Patent litigation has reached alarming levels, stifling innovation and deterring entrepreneurs from entering key fields. RPX (NASDAQ:RPXC) has sought to solve that problem by providing risk management services, but in order to diversify its own business, it has moved into providing services related to legal discovery proceedings as well.
Coming into Tuesday's second-quarter earnings report, RPX investors didn't have high hopes for the company, looking for year-over-year drops in both earnings and revenue. RPX wasn't able to boost its top line, but surprising strength on the net income front offered hope for the future despite some mixed moves on guidance for the remainder of the year. Let's look more closely at RPX to see how it did and what's ahead for the company going forward.
RPX looks for focus
RPX's second-quarter results were mixed. Revenue dropped 3% to $80.4 million, which was slightly worse than the 2% sales decline that most of those following the stock were looking to see. However, adjusted net income climbed by 1% to $9.2 million, and the resulting $0.18 per share in earnings compared quite favorably to the consensus forecast among investors for $0.13 per share.
Taking a closer look at RPX's results, the company saw both sides of its business struggle for growth. The patent risk management services segment suffered about a 3% drop in revenue, making up about three-quarters of everything that RPX brought in during the quarter. Discovery revenue also had its first year-over-year comparison, and as some feared last quarter, it too posted a roughly 3% decline from year-ago levels.
RPX also kept working to boost the size of its patent protection business, but its spending on new patent-related transactions fell sharply. The company posted nine patent transactions involving $10.5 million, with counts down by more than half and the total spent declining by nearly two-thirds.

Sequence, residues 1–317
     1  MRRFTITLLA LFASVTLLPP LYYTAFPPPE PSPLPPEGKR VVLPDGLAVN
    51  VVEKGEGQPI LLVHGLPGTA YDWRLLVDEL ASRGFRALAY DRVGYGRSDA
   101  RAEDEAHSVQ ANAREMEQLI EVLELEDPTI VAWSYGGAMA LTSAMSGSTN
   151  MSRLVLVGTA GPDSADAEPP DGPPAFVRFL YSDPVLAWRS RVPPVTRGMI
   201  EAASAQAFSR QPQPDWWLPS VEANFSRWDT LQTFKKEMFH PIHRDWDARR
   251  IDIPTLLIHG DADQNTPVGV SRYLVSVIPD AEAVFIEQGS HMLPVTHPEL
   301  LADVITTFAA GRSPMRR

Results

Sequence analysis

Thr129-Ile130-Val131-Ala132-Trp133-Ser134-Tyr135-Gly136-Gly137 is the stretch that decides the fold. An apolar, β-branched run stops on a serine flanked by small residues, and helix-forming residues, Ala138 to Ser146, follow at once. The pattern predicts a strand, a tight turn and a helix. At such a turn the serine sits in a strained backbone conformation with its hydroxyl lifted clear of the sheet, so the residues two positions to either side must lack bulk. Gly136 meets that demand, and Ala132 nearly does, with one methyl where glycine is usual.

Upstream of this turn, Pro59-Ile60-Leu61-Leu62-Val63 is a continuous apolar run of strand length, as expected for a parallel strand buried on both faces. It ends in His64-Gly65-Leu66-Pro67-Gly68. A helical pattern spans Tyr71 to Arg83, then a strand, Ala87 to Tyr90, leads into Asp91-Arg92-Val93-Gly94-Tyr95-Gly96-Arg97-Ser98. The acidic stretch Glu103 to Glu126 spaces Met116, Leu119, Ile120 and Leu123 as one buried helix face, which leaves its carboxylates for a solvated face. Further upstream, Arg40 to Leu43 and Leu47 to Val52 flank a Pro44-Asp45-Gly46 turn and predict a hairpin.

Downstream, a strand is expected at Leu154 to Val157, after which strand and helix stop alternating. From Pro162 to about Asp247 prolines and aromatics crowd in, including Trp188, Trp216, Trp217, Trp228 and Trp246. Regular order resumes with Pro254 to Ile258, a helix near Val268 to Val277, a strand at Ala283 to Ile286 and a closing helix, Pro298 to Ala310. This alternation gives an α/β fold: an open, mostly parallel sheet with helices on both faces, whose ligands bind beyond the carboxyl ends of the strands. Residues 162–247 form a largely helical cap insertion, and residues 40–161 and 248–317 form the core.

CEO Marty Roberts was pleased with the way that RPX outperformed on the bottom line. "We are pleased that our increased operational focus is already showing positive results," Roberts said, "allowing us to exceed our adjusted EBITDA target on in-line revenues." The CEO also pointed to efforts to promote further growth.
Can RPX return to fast-growth mode?
In particular, RPX thinks that it can build out the scope of what it does for its clients in order to tap into demand. In Roberts' words, "We continue to develop strategic initiatives and opportunities to expand our service offering."
RPX's guidance for the third quarter wasn't encouraging. The company expects revenue of between $81 million to $84 million, and adjusted net income of $7 million to $9 million implies earnings of roughly $0.14 to $0.18 per share. The consensus forecast was for sales of $83 million, but investors had wanted to see $0.20 per share in earnings.
RPX also narrowed some of its ranges for its 2017 full-year guidance. Total sales of between $319 million and $339 million pulled in both the top and bottom edges of the range by nearly the same amount, and new predictions for adjusted income of $32 million to $38 million works out to $0.64 to $0.76 per share. The new earnings range aims toward the lower end of the previous wider range.
Further leadership changes are also coming for RPX. The discovery subsidiary's CEO, Trevor Campion, left the company effective Aug. 1, with Paul Mankoo moving up to take the CEO role. The move wasn't controversial, but it does mark yet another shift within upper management within the RPX network of companies.
RPX investors didn't have an immediate reaction to the news, with the stock remaining unchanged in after-hours trading following the announcement. Investors will have to wait to see what strategic direction RPX comes up with so it can get its revenue moving back in the right direction again.